Showing you are the industry expert through education programs and trainings builds trust between your customer and your brand. Developing a program to showcase that expertise will not only help retain customers but create raving fans.
Offer a Unique Service
Often times our customers find themselves competing in highly commoditized industries, and therefore the ability to differentiate what they offer to their customers is particularly challenging. It is our philosophy that in order to properly defend your offering from that of a competitor you must know yourself, your competitors and your customers on an intimate level. Only then can you position yourself (or business) as uniquely qualified to meet your customer’s needs. Perform a competitive SWOT analysis to break down where your strengths and weaknesses lie compared to your competitors. Information that is gathered during a SWOT allows for you to clearly identify what “differentiates” your solution from that of a competitors. We use the phrase “defensible differentiation” which means that a differentiator is only valuable if you can defend it–you have to prove how you are different. Differentiation is in the details and you must gather proof points, data, and facts to validate any claimed differentiators. You can read more about how we define differentiators in this blog post.
Despite popular belief, “price” is actually not the main motivator for the decision for a customer to choose or not choose your business or solution. Price is simply the lowest common denominator for businesses that have failed to effectively differentiate their solution from that of a competitor. Comparing apples to apples comes down to price, comparing an apple to a Mercedes is completely different.
This strategy doesn’t end with discovery. Action must be taken on the findings by communicating these offerings and differentiators. If a customer does not see how your offering is different, they will choose the vendor with the lowest price. In order to make that distinction, they must understand how the difference of your offering creates value for them. We call these value drivers. If your customers view you as an expert and someone who understands their key business issues, you have an opportunity to influence their decision in a meaningful way.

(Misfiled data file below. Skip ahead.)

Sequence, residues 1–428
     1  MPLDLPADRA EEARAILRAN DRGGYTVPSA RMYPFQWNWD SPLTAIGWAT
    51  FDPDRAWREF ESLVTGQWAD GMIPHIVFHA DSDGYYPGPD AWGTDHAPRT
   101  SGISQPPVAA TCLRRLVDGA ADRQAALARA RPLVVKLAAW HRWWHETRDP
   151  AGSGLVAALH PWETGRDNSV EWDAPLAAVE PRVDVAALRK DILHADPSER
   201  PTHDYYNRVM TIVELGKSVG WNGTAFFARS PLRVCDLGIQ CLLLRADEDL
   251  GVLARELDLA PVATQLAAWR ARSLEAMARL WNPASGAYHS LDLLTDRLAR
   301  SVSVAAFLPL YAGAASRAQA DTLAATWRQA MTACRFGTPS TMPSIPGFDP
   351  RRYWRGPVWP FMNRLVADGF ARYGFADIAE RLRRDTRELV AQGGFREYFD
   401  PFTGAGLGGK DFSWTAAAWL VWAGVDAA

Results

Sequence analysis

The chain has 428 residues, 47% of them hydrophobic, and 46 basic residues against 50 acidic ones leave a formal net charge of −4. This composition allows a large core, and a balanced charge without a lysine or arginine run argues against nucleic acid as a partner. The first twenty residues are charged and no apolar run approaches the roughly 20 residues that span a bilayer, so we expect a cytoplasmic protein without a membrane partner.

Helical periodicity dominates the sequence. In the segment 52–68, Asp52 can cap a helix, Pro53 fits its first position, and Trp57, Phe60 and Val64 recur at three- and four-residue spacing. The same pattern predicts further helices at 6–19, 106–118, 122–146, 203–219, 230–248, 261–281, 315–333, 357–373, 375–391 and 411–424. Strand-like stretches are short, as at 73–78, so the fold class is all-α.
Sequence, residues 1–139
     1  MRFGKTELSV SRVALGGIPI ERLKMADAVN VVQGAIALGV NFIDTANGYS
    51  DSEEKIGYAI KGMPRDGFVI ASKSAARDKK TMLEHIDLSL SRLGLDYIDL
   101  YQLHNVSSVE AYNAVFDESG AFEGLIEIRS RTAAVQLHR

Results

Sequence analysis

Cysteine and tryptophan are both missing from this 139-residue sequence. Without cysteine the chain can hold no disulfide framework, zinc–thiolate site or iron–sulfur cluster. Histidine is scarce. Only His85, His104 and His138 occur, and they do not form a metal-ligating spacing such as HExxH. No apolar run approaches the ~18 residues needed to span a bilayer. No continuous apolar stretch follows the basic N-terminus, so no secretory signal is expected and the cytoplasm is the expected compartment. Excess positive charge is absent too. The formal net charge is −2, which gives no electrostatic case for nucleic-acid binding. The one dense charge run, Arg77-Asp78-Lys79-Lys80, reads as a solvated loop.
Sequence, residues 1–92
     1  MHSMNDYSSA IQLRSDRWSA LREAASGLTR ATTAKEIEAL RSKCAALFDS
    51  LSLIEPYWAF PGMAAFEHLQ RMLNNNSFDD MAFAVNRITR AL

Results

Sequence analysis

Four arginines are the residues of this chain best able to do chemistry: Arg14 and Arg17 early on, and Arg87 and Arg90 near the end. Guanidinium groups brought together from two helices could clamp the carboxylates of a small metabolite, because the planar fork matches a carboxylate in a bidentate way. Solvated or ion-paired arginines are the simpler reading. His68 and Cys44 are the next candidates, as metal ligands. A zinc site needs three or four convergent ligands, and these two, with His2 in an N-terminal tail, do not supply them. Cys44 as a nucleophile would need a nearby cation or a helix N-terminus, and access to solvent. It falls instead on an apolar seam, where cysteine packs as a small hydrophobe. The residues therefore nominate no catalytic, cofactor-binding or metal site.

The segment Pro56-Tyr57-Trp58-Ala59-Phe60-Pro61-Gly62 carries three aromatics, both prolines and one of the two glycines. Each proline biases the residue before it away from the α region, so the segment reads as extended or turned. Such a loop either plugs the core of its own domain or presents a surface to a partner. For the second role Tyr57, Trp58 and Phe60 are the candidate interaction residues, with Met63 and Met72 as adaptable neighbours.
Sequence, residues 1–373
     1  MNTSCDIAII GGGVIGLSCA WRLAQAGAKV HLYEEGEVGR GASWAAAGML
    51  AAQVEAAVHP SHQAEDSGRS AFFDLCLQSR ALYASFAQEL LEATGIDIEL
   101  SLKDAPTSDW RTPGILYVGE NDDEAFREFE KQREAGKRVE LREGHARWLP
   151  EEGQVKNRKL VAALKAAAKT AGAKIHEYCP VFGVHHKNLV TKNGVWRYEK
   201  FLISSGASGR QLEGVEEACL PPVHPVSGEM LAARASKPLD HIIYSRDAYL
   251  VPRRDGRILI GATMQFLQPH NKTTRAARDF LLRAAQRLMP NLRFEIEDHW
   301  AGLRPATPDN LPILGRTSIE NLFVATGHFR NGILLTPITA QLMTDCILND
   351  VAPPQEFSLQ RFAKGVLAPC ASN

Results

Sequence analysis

Grow a Customer Retention Program
Technically, any of the already stated strategies above could be different facets of your greater customer retention program. But there are countless established methods that you can take on as a customer retention program if they fit the needs of your business model.
A customer retention loyalty program incentivizes the buyer to continually purchase or renew. Take an airline, for example, loyalty programs that give flyer miles, perks and flying advantages if you spend with them over other airlines are highly motivating.
Other programs could include a customer round table or advisory board. Show the buyer you value their expertise and feedback and in turn you receive their loyalty. Another program we have helped clients implement is a quarterly scorecard, a report presented to customers on a regular basis that scores your performance where it matters to them, so that they can see where you are succeeding, if and where you are underperforming, and what you are doing to improve. This effort helps to keep you and the value you create top of mind when a competitor comes in and offers a discount.
Adopting every single strategy to improve your customer retention would be incredibly difficult to scale and in turn be less effective than starting small. However, think about each of these customer retention strategies carefully in relation to your buyer personas and business goals to determine which one or few will be most successful for your business and customer base.
If you have questions about customer retention or other sales and account management training tools, feel free to reach out directly – we’d love to chat with you! firstname.lastname@example.org